UK energy bills are likely to rise, say energy bosses
Bosses of the UK's leading energy companies have told a committee of MPs that bills are likely to rise in years to come.
They told the Energy Committee that the "inevitable direction of wholesale prices" meant domestic bills would get more expensive over the next decade.
Five of the big six energy suppliers were represented at the House of Commons committee.
One suggested that prices could rise by between 15% and 25% by 2020.
The group of companies argued that the energy market was still competitive and profit margins were volatile.
Bosses of British Gas, EDF Energy, E.On, Npower and Scottish and Southern Energy appeared before MPs.
They were called to give evidence after some had raised prices for domestic customers this winter.
Phil Bentley, of British Gas, said that higher wholesale prices and distribution charges were likely to push up the cost of domestic bills in the next decade. He quoted the 15% to 25% price rise, predicted by Ofgem, by 2020.
They all pointed to the "fundamental issue" of energy efficiency measures being key to cutting domestic use of gas and electricity, and - in turn - this would cut bills.
Mr Bentley said that private landlords should be encouraged to make their homes more energy efficient.
Energy efficiency had reduced gas use, which also affected businesses' profits, said Alistair Philips-Davies, energy supply director of Scottish and Southern Energy.
This had called into question figures published recently by watchdog Ofgem that put the net profit margin per each typical customer at £90, a 38% rise since September.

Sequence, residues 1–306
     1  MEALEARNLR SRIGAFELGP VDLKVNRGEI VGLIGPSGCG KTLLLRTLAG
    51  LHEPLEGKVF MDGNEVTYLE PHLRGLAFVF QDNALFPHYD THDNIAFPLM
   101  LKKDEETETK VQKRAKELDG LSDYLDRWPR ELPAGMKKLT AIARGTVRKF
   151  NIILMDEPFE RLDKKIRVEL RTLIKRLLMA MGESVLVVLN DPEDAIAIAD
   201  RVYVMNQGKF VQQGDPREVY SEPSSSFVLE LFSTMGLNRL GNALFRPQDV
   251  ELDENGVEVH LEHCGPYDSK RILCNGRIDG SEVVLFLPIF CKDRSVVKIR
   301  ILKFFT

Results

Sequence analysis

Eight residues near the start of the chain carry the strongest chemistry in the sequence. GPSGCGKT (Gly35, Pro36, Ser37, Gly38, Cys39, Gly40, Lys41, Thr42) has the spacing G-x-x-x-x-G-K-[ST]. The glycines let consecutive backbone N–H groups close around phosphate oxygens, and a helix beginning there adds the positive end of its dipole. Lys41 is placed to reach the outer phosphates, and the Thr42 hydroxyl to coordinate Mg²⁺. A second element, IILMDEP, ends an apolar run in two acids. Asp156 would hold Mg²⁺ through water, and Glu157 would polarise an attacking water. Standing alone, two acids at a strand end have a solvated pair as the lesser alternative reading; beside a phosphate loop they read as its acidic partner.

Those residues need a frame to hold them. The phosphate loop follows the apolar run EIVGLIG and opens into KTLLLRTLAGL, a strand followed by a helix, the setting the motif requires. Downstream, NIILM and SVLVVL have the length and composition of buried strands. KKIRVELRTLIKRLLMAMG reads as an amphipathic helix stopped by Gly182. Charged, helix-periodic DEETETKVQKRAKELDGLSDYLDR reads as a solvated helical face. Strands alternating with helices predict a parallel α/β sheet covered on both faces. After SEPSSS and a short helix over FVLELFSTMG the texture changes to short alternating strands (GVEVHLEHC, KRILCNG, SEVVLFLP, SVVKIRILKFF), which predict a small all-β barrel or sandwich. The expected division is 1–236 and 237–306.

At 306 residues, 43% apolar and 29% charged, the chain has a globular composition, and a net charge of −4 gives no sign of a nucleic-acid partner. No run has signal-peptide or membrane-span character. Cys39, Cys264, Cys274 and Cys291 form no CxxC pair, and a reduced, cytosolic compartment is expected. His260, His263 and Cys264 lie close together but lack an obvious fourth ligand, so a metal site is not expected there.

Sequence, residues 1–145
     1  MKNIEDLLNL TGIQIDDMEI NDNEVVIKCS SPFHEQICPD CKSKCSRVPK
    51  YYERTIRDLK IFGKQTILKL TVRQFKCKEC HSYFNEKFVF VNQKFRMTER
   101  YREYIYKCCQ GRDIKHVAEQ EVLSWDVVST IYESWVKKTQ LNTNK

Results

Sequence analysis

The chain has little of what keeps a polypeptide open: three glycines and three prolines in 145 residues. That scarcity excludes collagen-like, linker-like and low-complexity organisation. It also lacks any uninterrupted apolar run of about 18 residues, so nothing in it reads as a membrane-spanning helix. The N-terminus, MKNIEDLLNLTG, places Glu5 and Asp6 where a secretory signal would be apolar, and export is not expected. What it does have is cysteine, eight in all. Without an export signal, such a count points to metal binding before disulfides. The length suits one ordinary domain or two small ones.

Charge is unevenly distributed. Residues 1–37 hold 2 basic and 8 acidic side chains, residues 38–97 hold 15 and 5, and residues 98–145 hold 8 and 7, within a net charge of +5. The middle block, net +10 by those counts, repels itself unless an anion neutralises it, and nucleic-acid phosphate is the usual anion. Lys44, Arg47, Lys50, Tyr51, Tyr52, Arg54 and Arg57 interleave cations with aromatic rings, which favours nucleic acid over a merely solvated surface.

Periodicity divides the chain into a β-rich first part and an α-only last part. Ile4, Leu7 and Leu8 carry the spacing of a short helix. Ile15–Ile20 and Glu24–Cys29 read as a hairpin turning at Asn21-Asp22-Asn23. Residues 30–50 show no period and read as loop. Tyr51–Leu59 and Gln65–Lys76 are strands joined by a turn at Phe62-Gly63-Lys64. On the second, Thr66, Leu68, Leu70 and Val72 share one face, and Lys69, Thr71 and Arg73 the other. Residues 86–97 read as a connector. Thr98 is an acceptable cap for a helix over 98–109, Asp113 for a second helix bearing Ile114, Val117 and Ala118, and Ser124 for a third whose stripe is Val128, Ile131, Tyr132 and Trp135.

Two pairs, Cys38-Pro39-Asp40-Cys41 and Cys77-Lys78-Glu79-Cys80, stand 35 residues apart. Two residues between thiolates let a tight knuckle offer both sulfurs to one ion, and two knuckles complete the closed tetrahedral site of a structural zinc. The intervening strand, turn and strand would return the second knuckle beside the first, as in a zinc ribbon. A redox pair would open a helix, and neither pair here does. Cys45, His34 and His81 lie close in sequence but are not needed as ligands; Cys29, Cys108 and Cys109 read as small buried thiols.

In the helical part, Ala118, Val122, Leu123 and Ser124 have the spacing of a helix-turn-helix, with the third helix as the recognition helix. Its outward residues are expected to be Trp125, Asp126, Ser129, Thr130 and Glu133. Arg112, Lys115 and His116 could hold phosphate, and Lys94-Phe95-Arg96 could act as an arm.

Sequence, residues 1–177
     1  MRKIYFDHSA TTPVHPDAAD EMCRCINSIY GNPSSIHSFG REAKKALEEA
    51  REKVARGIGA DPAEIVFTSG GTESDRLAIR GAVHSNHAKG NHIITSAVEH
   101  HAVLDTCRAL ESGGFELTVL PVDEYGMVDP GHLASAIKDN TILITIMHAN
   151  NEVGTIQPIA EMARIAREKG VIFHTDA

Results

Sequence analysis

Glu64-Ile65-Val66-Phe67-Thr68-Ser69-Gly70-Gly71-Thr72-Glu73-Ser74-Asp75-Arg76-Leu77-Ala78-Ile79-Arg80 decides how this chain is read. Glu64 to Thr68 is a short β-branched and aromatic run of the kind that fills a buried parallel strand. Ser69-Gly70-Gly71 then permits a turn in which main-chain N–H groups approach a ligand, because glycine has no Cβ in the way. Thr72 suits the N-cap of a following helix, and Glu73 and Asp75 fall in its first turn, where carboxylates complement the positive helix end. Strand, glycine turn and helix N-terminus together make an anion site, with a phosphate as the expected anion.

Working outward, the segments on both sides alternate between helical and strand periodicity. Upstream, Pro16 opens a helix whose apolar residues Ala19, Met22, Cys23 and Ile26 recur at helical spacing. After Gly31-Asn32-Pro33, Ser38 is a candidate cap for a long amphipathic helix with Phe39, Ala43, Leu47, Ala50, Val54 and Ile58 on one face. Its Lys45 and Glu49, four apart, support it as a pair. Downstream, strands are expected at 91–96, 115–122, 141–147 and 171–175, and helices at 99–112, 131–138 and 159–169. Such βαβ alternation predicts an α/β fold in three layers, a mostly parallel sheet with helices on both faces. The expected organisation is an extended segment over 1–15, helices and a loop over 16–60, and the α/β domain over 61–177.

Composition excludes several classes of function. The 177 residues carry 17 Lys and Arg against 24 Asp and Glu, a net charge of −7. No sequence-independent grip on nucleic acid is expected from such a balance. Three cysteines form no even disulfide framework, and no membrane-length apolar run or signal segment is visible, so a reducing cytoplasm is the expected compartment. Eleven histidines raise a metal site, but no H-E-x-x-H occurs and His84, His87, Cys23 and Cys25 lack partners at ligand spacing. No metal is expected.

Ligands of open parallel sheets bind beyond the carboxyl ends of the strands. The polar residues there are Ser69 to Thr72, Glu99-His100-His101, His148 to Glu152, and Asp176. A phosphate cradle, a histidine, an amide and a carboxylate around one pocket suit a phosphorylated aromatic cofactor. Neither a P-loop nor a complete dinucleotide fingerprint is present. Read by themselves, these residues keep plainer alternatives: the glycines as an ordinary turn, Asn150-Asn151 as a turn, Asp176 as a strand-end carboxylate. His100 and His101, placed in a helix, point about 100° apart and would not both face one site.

Lower consumption meant the figure was closer to £60 per dual-fuel customer, he told the committee, and this would be "substantially lower" by March.
The energy companies said that the high number of people who switched suppliers showed that the energy market was competitive.
"The market in the UK is delivering the lowest prices for gas in western Europe," Mr Bentley said.
He also said that none of 17 inquiries into the market since 2001 had provided any evidence that companies were slow to pass on reductions in prices to their customers.
They said they also provided a range of campaigns on insulation and energy efficiency, as well as help for those struggling with bills.
The energy companies were also keen to accelerate the decision on the introduction of smart meters. These meters offer real-time read-outs of energy use and costs.
The bosses were also quizzed about cold-calling sales of energy on the doorstep and in the street, as well as the "mystifying" aspect of tariffs, and social funds for vulnerable customers.